Lift heavy weights, eat healthy, go for long walks, and you’ll lose your fat and keep the muscle.
3) The scale does not define you
If you set out to lose 100 pounds in a year – an incredibly ambitious goal – and you only manage to lose 85, you might consider yourself a failure. After all, you set a goal and failed to achieve it, right?
YOU STILL LOST 85 freaking pounds, something you might have been struggling to do for years. I bet you’ve had to buy a whole new wardrobe and get all kinds of “holy crap you’ve lost a lot of weight!” comments.
Not bad for a failure, huh?
Don’t get caught up in the numbers game, and instead be proud of what you have accomplished instead.
I had a friend who wanted to get down to 199 pounds badly. He went from 235 pounds down to 202 pounds, and got stuck there for weeks. I remember trying to get him out of his funk: he saw himself as a failure for not losing those three pounds, when in reality he had lost 30+ pounds, completely redesigned his body and his diet, and was in better shape than he had been in years.
You’re not a statistic.
You’re not a number.
How to keep track of your success instead
I will admit that the scale can have its uses. If you’re just getting started, a few big changes in the first few weeks can really help you see progress and build momentum. Also, over long periods of time, it’s a good way to tell if you’re headed in the right direction or not. However, a scale can also cause all kinds of mental issues that bring you down quickly, and becomes less and less important as you get closer to your goals.
Here’s how you can stay strong and motivated without stepping on a scale regularly:
Remember that your journey to a healthier life is a marathon, not a sprint. Changes from day to day are practically meaningless and incredibly difficult to quantify, so go with changes over a longer period of time. Weigh yourself once a month or every other week to make sure you’re trending in the right direction. If it’s weekly, make sure you weigh yourself at the same time of the day, wearing the same type of clothing. Remove as many of the variables as possible to make your reading accurate. And even then, don’t put too much stock into it.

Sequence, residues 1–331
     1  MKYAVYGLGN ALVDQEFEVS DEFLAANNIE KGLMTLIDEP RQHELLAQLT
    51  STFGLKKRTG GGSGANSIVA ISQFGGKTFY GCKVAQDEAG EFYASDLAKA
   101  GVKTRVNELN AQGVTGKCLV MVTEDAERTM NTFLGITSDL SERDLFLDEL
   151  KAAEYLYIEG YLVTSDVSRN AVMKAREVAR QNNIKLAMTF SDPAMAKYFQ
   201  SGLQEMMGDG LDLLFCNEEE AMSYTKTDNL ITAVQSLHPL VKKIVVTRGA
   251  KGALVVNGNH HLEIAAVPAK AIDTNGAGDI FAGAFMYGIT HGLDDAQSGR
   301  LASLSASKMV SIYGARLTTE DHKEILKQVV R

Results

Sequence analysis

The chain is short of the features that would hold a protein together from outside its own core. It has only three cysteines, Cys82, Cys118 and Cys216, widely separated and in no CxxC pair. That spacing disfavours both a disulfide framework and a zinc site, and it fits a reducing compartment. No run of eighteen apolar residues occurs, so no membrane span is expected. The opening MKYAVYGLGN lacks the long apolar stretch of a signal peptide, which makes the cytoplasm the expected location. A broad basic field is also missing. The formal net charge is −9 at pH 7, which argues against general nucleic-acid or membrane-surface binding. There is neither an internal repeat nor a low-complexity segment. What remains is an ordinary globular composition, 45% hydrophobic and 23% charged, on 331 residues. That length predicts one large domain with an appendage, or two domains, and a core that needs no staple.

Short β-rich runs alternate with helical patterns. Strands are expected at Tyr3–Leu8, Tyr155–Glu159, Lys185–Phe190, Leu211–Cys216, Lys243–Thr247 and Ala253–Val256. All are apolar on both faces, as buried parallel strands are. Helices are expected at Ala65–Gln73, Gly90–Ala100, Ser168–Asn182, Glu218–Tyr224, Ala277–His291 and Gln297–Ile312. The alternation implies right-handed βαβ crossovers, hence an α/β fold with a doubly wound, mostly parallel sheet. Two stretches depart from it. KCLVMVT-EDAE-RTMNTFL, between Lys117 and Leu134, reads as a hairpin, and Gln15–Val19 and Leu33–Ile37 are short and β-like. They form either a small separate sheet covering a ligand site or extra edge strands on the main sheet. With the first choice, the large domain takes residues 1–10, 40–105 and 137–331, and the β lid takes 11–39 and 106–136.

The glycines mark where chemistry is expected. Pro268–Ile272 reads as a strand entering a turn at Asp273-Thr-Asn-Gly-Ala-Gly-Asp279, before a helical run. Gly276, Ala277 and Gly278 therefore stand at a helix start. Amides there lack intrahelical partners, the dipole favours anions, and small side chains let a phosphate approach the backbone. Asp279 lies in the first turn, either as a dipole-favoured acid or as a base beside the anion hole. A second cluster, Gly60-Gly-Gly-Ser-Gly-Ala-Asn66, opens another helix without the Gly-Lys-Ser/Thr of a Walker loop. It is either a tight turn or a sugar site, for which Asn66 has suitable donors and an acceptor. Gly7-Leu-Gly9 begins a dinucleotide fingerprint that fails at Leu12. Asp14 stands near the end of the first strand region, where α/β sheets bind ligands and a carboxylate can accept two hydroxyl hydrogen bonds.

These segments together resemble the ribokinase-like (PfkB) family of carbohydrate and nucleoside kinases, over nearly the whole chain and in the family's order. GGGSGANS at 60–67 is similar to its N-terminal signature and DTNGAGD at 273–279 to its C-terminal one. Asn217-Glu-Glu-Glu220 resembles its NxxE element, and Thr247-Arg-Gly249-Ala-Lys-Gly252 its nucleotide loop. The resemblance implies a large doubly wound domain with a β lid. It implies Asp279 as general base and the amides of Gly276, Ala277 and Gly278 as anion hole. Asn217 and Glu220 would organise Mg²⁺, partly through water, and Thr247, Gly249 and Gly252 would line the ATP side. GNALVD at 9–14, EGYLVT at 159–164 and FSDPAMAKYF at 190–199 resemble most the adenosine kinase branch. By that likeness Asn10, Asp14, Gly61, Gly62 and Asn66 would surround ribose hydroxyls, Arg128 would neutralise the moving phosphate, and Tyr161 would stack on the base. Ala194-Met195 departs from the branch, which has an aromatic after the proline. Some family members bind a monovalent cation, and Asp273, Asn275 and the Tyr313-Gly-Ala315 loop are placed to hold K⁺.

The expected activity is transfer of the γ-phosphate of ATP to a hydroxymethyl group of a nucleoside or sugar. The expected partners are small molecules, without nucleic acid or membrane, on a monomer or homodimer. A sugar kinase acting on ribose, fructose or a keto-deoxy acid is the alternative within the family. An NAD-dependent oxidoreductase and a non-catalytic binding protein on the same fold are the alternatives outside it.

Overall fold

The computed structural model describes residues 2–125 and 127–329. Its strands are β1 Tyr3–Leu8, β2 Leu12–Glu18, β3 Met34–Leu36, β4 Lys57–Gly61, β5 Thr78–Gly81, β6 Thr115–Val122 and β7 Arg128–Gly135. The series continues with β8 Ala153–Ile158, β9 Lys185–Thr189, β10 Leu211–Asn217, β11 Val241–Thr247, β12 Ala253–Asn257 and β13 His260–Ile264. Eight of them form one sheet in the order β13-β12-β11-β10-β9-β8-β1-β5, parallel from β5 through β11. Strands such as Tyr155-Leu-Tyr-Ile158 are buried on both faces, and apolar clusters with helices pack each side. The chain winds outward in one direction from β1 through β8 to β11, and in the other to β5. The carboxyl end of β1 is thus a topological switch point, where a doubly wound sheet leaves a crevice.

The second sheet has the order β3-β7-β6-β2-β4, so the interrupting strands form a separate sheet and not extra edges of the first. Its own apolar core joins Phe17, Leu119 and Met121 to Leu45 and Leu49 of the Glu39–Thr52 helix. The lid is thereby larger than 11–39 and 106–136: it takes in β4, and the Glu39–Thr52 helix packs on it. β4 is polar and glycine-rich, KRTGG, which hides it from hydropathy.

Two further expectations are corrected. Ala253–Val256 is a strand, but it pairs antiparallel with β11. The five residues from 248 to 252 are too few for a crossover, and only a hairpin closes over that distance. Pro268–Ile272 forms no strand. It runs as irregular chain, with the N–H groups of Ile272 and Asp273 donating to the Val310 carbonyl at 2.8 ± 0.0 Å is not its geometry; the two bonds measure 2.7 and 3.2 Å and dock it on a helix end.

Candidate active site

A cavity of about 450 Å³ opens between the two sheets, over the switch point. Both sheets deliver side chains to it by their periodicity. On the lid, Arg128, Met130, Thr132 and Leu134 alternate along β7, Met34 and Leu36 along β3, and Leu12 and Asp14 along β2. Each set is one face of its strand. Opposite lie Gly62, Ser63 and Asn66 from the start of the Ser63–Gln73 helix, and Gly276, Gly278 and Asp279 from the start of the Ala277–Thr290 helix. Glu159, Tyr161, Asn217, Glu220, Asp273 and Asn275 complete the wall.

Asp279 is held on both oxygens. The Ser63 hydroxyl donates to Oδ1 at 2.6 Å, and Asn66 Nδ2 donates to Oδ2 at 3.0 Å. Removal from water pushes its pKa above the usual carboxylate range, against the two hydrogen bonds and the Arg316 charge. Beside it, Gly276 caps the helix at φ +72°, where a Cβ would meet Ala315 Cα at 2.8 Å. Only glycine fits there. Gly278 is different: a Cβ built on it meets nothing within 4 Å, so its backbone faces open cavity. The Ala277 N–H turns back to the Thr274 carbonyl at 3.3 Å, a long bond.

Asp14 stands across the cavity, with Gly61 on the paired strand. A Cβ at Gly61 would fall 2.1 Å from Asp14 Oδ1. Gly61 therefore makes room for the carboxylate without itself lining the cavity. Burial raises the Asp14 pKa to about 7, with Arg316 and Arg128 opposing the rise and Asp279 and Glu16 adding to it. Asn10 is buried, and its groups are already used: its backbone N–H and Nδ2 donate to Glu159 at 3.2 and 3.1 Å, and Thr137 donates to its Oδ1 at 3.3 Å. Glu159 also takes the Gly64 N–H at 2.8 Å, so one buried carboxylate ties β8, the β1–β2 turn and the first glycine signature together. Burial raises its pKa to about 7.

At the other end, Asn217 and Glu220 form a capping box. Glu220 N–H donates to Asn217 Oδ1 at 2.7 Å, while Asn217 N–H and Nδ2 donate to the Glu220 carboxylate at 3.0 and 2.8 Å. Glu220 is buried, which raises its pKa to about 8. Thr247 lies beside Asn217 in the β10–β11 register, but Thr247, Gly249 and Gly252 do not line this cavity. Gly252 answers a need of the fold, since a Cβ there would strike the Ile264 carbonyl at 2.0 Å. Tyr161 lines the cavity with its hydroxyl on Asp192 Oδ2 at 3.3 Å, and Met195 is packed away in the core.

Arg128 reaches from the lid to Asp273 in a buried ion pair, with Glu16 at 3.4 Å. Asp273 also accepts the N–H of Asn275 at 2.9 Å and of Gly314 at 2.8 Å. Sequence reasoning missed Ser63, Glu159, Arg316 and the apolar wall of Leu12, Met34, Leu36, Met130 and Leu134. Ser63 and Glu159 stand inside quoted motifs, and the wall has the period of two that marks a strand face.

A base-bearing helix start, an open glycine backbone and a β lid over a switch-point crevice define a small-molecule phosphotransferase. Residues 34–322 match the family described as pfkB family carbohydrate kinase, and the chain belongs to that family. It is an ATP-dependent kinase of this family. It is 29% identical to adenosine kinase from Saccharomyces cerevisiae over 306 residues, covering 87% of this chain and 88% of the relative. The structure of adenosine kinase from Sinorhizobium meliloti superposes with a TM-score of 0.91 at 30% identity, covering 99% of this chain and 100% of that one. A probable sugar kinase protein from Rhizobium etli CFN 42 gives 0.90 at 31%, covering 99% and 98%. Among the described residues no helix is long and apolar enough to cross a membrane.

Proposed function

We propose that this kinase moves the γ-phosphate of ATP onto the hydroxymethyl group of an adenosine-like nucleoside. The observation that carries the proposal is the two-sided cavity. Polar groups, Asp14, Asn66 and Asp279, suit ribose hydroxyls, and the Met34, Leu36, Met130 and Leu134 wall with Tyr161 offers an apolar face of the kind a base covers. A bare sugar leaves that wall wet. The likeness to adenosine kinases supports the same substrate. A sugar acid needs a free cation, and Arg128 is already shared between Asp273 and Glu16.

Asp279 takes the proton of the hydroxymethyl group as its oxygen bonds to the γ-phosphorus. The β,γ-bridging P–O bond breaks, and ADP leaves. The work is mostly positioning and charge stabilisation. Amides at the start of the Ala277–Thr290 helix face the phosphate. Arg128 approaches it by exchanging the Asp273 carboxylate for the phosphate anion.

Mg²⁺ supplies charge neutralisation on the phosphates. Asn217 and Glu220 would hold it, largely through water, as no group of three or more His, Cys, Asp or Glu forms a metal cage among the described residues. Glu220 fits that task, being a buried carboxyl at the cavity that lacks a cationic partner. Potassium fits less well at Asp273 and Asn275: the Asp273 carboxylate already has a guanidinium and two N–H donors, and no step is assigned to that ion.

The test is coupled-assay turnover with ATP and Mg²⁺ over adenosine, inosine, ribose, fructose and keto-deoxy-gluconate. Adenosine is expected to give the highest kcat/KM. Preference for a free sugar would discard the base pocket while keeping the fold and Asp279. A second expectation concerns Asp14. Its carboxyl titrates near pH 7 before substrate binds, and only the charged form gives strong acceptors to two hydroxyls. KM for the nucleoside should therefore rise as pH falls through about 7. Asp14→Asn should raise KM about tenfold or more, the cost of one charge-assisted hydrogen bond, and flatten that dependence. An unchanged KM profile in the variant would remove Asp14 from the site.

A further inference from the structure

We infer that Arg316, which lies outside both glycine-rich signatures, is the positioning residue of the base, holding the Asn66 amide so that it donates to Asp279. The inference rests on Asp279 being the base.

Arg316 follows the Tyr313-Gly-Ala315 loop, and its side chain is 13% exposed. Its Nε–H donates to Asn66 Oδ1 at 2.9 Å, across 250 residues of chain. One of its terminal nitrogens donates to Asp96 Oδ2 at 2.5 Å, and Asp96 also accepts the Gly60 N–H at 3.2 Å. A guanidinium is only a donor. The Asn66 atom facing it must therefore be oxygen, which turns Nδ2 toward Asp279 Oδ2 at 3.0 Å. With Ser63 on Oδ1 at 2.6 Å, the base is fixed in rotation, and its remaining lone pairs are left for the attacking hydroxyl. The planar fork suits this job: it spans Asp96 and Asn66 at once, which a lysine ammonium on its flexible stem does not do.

Look at your body composition rather than your weight. I try to take a picture of myself every month or so, giving me the chance to compare how I look. You can also buy a body fat caliper (I use this one) or tape measure to keep track how your body is adjusting. Just make sure you’re taking your measurements in the same places on your body at the same time of day. If you’re taking photos, take a straight-on photo and a profile photo.
Set goals that are not weight-oriented. Say you want to do 15 push ups, run a half marathon, and/or do a pull up. With your mind focused on a strength building or endurance goal, you won’t have to worry so much about a dumb scale. If you can only do 5 push ups now but next month you can do 15, you definitely got stronger, but you probably also lost some fat.
Keep a journal. I know plenty of 170-pound people who are out of shape and 250-pound folks who are incredibly healthy. How do you FEEL this month compared to last month? Maybe you can now run around the track without stopping, you don’t get winded going up and down stairs, and you can give your kids a piggy back ride without being out of commission for days afterward. Keep track of your energy levels, your conditioning, and your overall well-being. Screw the scale.
What say you?
Are you a scale junkie? I’m a recovering one. Luckily, the picture of me from yesterday compared to four years ago made me realize that it’s not nearly as important as I originally thought. My overall health, strength, and happiness are far better indicators of how I’m doing.
Moral of the story – if the scale is working for you and you’re seeing results, stick with it. If that number on the scale constantly screws with your mind, maybe it’s time to take a break.
So how about you? Have you had success with stepping a scale daily? Had some rough weeks because of what the scale said? How about skipping the scale entirely and seeing great results?
Let’s hear some scale-related stories from the Rebel Army!